Awkward…yet effective?

The soundtrack of ‘Hello’, originally by Lionel Ritchie, primes the viewer for a love story, yet what they get is a humorous bent to a serious message that is more often portrayed by graphic vehicle accident scenes with horrific crying and sirens in the background.

th Consumers are certainly taking notice of the new ad released on YouTube by the New Zealand Transport Agency (NZTA) where drivers hear their mobile phones receive a text message and reach for it while driving.  The driver’s movement is ‘misinterpreted’ by the passenger who reaches to hold their hand.  This results in some very awkward responses from the drivers, much to the amusement of the viewers. 

The campaign has been aimed at those drivers in their 20s who are constantly using their mobile phones. Whilst they agree that mobile phone use while driving is dangerous, their behaviour does not match their attitude. The NZTA are hoping to change that with this campaign which has been released with a large online focus.

It’s clear to see that marketers have determined consumers are motivated by the emotions of embarrassment, guilt, and love and are appealing to those in an attempt to influence consumer decision-making.  In combination with evoking those emotions is the pull  of both the consumer’s need for safety and security and their social needs; both very important according to Maslow’s Hierarchy of Needs  (Iacobucci, 2014, p.20).

Previously, campaigns of this kind tended to focus on the negative effects of the behaviour; a kind of operant conditioning if you will.  Have consumers become so  immune to on-screen violence and road-toll statistics that a change of tack was required?  Perhaps the information load in campaigns of that nature was too high; Broniarczyk and Griffin (2014, p.610) would suggest it was just too much for our brains to process.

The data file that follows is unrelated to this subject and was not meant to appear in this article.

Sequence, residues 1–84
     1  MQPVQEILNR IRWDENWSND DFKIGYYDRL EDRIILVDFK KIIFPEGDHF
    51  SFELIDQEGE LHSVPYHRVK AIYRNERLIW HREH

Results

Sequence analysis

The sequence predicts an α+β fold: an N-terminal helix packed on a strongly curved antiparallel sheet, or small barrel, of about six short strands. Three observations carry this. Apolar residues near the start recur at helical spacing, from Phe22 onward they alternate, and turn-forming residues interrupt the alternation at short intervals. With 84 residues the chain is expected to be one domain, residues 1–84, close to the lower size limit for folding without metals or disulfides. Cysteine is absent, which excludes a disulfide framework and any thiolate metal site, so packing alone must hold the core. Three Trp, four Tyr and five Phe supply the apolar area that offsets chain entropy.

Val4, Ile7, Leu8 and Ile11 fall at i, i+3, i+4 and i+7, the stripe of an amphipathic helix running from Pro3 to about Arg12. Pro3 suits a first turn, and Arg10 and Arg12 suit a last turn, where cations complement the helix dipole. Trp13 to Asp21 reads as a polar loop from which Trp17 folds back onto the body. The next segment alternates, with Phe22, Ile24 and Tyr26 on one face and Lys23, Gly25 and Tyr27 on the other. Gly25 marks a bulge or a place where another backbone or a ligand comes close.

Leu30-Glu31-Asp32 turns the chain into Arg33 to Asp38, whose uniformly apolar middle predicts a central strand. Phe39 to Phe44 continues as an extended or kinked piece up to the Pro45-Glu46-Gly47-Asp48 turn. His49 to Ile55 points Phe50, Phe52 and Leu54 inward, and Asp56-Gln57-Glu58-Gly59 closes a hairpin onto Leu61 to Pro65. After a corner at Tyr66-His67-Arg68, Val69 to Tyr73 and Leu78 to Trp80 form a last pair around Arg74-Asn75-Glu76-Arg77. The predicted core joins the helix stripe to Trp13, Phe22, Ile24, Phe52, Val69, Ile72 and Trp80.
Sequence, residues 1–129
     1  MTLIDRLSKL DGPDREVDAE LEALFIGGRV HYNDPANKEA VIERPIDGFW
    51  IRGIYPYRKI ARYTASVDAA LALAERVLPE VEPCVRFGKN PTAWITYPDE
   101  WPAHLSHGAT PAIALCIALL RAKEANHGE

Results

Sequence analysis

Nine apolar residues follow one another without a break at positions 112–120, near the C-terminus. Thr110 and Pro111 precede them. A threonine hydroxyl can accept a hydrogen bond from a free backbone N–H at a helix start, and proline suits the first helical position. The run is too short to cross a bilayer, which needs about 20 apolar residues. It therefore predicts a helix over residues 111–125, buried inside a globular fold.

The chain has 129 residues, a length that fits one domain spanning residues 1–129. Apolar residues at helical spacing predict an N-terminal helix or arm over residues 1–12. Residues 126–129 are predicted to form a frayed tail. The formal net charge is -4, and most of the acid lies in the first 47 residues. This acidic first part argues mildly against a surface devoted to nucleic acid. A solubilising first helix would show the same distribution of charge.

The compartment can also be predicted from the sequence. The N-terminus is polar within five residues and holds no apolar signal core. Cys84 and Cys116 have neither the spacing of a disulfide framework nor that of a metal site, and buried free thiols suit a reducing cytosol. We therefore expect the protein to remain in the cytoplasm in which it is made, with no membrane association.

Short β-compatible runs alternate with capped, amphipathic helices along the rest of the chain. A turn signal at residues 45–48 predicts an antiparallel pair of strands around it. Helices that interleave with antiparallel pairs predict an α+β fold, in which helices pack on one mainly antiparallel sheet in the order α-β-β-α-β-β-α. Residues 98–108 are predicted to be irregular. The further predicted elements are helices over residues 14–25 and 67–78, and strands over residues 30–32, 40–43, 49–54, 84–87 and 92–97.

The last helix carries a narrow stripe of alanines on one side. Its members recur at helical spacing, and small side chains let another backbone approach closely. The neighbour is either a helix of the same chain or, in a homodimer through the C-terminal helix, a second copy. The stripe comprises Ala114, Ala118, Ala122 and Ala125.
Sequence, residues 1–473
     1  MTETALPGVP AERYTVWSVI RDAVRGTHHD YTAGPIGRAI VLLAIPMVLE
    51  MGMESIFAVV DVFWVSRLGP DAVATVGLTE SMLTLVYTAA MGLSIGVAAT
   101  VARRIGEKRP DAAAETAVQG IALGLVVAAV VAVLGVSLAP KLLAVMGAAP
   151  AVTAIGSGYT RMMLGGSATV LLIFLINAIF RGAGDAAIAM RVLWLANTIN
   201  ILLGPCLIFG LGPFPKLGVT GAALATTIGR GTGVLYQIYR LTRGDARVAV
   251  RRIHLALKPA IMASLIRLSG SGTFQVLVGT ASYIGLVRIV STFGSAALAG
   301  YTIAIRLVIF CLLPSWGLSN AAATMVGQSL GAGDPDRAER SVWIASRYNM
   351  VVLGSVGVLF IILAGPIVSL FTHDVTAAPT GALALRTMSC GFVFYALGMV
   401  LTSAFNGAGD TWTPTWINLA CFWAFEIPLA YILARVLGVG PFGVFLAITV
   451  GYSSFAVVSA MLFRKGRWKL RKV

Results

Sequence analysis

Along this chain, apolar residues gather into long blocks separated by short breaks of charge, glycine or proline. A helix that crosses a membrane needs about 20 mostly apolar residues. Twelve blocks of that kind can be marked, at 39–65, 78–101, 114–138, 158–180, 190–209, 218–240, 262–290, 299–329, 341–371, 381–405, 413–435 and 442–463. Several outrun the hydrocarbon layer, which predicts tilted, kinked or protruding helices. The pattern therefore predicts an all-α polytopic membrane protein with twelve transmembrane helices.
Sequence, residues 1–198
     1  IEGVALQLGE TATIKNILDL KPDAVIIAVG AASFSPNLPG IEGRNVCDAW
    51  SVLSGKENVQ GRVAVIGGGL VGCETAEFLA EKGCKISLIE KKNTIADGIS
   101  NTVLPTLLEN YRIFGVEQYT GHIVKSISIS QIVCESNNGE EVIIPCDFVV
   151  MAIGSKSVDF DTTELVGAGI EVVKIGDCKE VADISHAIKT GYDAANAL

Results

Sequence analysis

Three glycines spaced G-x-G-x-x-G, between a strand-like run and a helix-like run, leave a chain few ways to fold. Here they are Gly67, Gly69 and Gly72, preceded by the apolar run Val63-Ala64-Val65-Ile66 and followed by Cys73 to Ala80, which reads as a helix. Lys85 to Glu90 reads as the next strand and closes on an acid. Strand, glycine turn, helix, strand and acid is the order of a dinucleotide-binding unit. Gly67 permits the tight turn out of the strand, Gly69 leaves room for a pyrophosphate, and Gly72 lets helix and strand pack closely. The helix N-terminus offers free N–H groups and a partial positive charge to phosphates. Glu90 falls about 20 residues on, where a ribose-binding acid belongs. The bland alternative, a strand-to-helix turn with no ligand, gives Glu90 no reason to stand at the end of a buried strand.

Whilst the true measure of campaign effectiveness will be the reduction of vehicle accidents caused by mobile phone use, it is clear to see that the campaign has struck a chord with the targeted age group by the number of online views, and the positive evaluations left as comments.

Responses to the Hello (2016) campaign range from ‘awesome on so many different levels’ to …

‘It’s too easy to publish numbers of crashes and death tolls to generate a hard-hitting messages. If you consume enough media you become desensitised to it anyway. A humorous take on a serious topic allows you to let it resonate with positive effect because it links back to an accepted concept associated with humour (a positive thought). Images of sad broken people, twisted metal and scary statistics means your reference point is coming from a concept initiated with fear (a negative thought).’

Personally, I love this ad, it appeals to me in so many ways.  That awkward feeling is memorable, the responses are amusing, and the message is clear…don’t reach for your phone while driving unless you are trying to ‘put the moves’ on your passenger.

Written by: Connie Sirmans (213219051)

Username: conniesirmans

 

REFERENCES

Broniarczyk, SM & Griffin, JG 2014, ‘Decision difficulty in the age of consumer empowerment’, Journal of Consumer Psychology, 24 (4), 608-625.

Hello 2016, YouTube, NZ Transport Agency, 27 March, retrieved 3 April 2016, <https://www.youtube.com/watch?v=wM75ulDRkhI&gt;.

Iacobucci, D 2014, Marketing Management (MM), 4th Edition, South-Western, Cenage Learning, Mason.

New Zealand Transport Agency 2016, ‘Mobile phones’, retrieved 3 April 2016, <http://www.nzta.govt.nz/safety/driving-safely/driver-distraction/driver-distraction-advertising/mobile-phones/&gt;.

 

 

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